On February, 23 the celebration of Maha Shivaratri was observed at the ancient Temple of Gopishwara Mahadeva in Vrindavan. Vaishnava’s honor the various Devas, seeing them as exemplar devotees of Lord Vishnu or Krishna. So in Vrindavan, the holy town of Krishna bhakti, Krishna devotees, following the edict of Srimad-bhagavatam, Vaishnavanam yatha shambhu,1 worship Lord Shiva as a Krishna devotee in his form of a gopi (Gopishwara Mahadeva).
It is said that, desiring to witness Krishna’s dance with the gopis (the Rasa-lila), Lord Shiva approached Vrindavan, but was barred entrance by the gopi Vrinda devi. She explained that Lord Krishna was the only male allowed to enter the arena of the dance. But, seeing Shiva’s intensely heartfelt desire, he was instructed to bath in the Yamuna River. He emerged from the Yamuna in a female form, that of a gopi, and was given the service of guardian of the dance. Since then, Gopishwara Mahadeva has been seen as the gatekeeper of Vrindavan. Those who seek to enter Vrindavan, not merely physically, but in spirit, approach him for blessings. In this mood, the Vaishnava saint Vishvanth Chakravarti Thakur prayed in his book Sankalpa Kalpadruma (text 103):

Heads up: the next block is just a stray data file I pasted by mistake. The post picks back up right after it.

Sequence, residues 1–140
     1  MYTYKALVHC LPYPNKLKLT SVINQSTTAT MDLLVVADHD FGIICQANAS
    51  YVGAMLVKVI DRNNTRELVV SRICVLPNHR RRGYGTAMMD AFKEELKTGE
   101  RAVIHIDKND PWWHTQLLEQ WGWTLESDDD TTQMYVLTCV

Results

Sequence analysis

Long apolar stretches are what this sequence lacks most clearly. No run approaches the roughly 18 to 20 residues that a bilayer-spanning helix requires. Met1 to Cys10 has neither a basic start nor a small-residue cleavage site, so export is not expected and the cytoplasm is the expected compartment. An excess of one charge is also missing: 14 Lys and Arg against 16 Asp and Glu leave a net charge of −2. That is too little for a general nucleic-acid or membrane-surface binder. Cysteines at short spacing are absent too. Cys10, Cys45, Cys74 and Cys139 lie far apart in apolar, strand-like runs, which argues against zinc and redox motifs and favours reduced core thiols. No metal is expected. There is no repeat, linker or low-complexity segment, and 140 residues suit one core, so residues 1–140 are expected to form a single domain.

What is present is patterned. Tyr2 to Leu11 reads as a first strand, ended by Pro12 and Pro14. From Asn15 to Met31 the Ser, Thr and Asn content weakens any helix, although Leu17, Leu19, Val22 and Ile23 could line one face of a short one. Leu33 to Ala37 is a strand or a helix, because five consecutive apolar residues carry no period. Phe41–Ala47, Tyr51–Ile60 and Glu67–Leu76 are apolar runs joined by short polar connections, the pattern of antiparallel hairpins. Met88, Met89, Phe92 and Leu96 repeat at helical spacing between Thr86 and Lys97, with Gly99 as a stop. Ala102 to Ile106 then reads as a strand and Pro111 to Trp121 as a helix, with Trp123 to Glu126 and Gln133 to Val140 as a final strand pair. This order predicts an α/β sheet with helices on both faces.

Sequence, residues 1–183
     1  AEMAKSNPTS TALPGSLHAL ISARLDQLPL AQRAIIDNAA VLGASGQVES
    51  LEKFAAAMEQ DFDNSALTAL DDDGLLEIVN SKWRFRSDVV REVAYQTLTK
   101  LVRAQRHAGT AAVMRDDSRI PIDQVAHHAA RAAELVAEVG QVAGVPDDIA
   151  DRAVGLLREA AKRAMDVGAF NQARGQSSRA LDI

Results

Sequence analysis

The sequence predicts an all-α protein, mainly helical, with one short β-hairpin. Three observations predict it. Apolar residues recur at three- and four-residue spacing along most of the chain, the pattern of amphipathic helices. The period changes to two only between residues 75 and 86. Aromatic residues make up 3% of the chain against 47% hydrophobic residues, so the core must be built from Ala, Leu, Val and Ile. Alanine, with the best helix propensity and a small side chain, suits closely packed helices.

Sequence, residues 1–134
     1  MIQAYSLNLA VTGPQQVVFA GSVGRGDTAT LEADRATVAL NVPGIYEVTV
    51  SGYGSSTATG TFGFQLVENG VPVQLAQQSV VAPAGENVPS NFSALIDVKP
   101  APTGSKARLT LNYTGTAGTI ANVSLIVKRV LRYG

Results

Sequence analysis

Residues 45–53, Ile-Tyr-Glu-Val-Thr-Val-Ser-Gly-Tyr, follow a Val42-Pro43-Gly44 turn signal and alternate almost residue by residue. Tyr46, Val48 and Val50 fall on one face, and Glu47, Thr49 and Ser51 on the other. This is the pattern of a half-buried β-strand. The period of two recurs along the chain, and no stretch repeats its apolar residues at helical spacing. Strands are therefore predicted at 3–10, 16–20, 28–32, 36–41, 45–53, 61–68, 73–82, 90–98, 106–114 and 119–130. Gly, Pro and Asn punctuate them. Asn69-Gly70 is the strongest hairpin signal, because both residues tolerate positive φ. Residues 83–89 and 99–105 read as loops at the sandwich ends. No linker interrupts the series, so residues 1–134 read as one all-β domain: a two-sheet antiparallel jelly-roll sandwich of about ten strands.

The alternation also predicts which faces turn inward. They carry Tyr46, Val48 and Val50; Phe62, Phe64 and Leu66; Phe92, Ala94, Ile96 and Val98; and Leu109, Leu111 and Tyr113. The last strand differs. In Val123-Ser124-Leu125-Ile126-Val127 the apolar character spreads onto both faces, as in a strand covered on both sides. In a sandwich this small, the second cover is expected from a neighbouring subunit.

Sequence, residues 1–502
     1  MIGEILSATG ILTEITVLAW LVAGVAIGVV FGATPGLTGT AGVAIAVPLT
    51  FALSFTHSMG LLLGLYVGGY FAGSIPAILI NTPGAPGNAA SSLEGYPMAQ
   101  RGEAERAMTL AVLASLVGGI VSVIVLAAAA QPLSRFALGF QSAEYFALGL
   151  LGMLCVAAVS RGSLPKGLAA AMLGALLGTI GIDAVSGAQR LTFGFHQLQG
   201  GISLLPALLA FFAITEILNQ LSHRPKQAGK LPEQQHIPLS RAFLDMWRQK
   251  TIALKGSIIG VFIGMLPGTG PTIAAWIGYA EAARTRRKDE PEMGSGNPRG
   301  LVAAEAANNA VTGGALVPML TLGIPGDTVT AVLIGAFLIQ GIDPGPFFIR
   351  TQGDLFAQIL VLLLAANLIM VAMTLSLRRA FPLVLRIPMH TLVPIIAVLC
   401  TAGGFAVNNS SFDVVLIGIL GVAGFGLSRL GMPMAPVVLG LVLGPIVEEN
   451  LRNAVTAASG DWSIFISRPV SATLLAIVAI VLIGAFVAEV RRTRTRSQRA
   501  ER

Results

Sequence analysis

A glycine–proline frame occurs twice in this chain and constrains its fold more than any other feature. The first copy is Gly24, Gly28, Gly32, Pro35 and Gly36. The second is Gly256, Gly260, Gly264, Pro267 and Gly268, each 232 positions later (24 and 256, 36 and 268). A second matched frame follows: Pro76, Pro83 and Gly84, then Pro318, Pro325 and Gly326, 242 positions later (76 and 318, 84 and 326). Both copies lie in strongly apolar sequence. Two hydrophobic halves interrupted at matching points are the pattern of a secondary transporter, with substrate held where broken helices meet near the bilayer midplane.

Vrindavanvani-pate jaya soma soma
prema prayaccha nirupadhi namo namas te
“O Shiva, O gatekeeper of Vrindavan! O you who are accompanied by Uma (Parvati)! O you who carry the moon in your hair! O lord worshiped by Sananda-kumar, Sanat-Kumar and Narada Muni! O Gopishwara, the worshipable deity of the gopis! Desiring that you bestow upon me love for the divine couple, Sri Sri Radha Madhava, (Radha and Krishna) who perform joyous pastimes in Vraja, I offer my obeisances unto you again and again.”
During the day, Gopishwara Mahadeva appears as a large Shiva lingam, and in the evening he is dressed as a gopi, with a colorful sari and ornaments. On Maha Shivarati many thousands gather to bath Lord Shiva with milk and water, and make offerings of bael leaves and flowers. I was fortunate to attend this year and take part in the devotional, and somewhat wild, festivities. Here are some photos I managed to take.
- Shambhu (Lord Shiva) is the greatest of Vaishnavas ↩